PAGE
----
Cris Fellows

pollinator
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since Apr 01, 2014
Cris likes ...
forest garden urban bike
Wife, mother of 3 awesome and eclectic grown boys, grandmother. Pediatric ER suture nurse. Urban Food Forest tinkerer. Herbal medicine maker and learner. "Together is our favorite place to be" at UnAbandoned Gardens.
www.unabandonedherbals.com
Youngstown, Ohio
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Recent posts by Cris Fellows

So if your adult son is visiting from Minneapolis or other place that they ride bicycles regularly all year long, and he says, "C'mon down here"...you should not assume he means you can do this.  At the time I had a bike with coaster brakes, got really scared and put my feet down which effectively meant I had no brakes.  I ran into a short rock wall and broke my elbow.  My son days, "I meant get off your bike and walk down here."
1 month ago
Here is a good place to start in making your neighborhood nontoxic.  https://www.instagram.com/nontoxicneighborhoods/
I am just getting started by trying to get herbicides banned at my workplace.  I drove in to work (children's hospital) one day and directly beside the sign cheering our champions for children was a guy with a sprayer loading the lawns with toxic goo.  I emailed the hospital president that day.  Since I have not heard back, it is now time to revisit.
1 month ago

Scott Stiller wrote:Have a picture of it?


Here is one like mine.  My daughter in laws is a far lovlier antique version.
3 months ago

Lorne Martin wrote: The one that doesn't ripen is from the hardier root stalk below the graft. The one that ripens is the grafted intended tree. I would heavily prune (40% ish) the one that doesn't ripen after leaf drop or late winter about a month before the buds swell. This will encourage the good tree to grow. Do this 2x and then the following year you should be able to remove it totally or just keep it very pruned back. Most of the tree's energy will go to the unwanted side if you let it.


Thank you so much!  That makes so much sense.  I will prune it back this winter.  
3 months ago
We bought the 3 abandoned lots behind us and garden them.  The center strip where they buried houses and covered in fill dirt are too hard to sink a shovel or pitchfork.  I smothered the grass and used a blend from prairie moon nurseries.  All of native meadow plants have deeper roots than grass.  Yellow dock, burdock, thistle and mugwort have also volunteered.  My happy finding though was that I could dig a hole for elderberry (with much difficulty) and they completely thrived.  They went from bare root to 15 foot monsters in a few short years!!!
3 months ago
Hi, I have three peach trees and only one of them does this.  It pretty much has a double trunk because the split is so low, but one arm of that bears lots of fruit that will not ripen.  The other arm bears a small amount of fruit that ripens normally.  Last year I thought it was because it was partially in the shade of a big old pine, but we took her down this year and it is the same.  Last year the fruit never ripened, remaining green until fall leaf drop.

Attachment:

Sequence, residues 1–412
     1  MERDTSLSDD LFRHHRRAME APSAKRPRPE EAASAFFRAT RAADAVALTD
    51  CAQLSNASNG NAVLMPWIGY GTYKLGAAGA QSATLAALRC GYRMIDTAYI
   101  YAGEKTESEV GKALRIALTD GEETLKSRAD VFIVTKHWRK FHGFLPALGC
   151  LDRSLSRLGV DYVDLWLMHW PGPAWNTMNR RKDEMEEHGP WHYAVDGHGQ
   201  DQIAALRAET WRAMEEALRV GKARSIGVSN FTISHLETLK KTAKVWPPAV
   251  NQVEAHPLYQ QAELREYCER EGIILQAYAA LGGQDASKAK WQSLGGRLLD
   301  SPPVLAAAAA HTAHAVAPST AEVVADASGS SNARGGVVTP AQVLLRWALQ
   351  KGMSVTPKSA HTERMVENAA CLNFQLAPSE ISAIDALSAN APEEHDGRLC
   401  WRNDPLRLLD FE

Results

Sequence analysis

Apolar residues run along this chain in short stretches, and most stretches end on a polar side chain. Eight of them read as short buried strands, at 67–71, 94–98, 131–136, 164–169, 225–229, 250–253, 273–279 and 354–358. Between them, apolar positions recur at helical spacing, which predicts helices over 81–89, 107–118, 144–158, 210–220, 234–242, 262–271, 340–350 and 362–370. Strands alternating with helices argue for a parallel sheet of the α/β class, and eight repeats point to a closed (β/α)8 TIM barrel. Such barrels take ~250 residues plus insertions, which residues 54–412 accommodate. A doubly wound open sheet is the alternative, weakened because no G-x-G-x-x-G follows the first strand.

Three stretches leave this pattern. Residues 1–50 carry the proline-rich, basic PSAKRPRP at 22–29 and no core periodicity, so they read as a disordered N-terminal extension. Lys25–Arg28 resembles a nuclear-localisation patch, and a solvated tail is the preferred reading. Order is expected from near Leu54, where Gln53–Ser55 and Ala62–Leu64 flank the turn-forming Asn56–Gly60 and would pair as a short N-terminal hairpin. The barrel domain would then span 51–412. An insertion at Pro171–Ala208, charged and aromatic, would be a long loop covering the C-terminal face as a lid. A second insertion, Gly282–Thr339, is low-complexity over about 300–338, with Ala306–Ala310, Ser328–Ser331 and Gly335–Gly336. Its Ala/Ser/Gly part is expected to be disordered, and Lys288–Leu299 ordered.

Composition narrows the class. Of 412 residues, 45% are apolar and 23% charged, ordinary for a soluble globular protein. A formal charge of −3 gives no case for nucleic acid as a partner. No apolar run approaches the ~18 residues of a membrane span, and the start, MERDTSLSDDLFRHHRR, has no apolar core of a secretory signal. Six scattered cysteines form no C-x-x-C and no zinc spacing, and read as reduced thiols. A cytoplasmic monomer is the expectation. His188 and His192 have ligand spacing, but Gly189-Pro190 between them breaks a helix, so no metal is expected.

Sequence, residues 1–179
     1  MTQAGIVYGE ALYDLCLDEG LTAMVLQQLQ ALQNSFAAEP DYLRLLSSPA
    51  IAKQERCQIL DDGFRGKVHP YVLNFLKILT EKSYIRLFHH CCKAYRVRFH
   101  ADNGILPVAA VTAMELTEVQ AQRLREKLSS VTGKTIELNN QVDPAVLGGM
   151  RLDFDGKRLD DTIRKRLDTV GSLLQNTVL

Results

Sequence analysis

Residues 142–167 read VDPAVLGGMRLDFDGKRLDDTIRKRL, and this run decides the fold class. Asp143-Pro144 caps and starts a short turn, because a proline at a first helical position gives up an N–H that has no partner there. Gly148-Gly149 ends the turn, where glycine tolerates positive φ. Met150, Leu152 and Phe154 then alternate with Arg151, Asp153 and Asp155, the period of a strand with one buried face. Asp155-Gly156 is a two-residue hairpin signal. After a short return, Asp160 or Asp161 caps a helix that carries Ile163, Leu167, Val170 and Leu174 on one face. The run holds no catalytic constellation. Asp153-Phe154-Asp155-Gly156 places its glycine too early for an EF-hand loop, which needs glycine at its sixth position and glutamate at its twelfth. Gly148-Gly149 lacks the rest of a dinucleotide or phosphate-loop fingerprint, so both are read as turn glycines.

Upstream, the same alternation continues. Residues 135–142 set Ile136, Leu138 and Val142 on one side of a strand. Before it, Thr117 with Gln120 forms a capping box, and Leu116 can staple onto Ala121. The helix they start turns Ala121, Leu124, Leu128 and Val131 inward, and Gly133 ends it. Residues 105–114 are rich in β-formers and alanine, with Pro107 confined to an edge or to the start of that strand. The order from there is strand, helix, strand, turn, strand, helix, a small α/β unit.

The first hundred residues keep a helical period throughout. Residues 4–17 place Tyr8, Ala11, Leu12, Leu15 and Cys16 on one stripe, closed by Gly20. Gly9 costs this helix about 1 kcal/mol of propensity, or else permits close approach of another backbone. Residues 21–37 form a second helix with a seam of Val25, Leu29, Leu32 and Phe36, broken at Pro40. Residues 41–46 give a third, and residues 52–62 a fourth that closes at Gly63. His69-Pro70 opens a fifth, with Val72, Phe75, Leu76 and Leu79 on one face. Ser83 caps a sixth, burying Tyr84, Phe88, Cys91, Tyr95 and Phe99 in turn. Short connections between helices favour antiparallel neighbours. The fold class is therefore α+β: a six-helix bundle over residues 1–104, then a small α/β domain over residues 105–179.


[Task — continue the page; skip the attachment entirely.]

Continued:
3 months ago

Beth Johnson wrote:

If you are not a person of color, please read how BLM requests allies to act, and read BLM's initiatives that go beyond the the United States. It is a global movement for freedom, liberation and justice. https://blacklivesmatter.com/resources/



Beth, thank you for the resources and more importantly your life and shared stories.  We will continue to do all we can to make this a place where your son can be safe and unafraid and supported.  ❤❤❤  Cris
4 months ago
"We don't have to manifest love, in fact, we cannot manifest love.  All we can do is see beauty and react to that.  Through that, we will be a vessel of love and we will pour love through ourselves, not because we know how to love but because we can recognize beauty."  
Dr Zach Bush
I think that even more than speaking up, recognizing beauty and having true reverence for life second by second (whether our own life, the lives of our racist friends...which I honestly have the most difficulty with, or all of the people of color we find in our lives) is where we start (and end).
And even though it often seems the easy way out, we can support change from the sidelines.  The National Lawyers Guild is AMAZING (personal family experience), Equal Justice Institute too, and welovelakestreet.com for direct aid to small businesses in Minneapolis (my youngest lives there, it is a beautiful place and worth investing in).  Follow Shaun King on social media since he seems to have eyes and ears everywhere.
4 months ago
This is my new favorite tool!  (Technically it is called a 4 tine cultivator, but we prefer rake hoe.  😂).  My daughter in law found a used/ antique one and I used it to clear sunflower row, a long 2 foot wide raised bed that had been overrun with creeping Charlie, dandelion and grass.  It made the job so easy!  I bought my own, but the tines are not sharp, as hers was.  I may have to rework it.  It comes to the garden every day now along with the hori hori and primers.  
5 months ago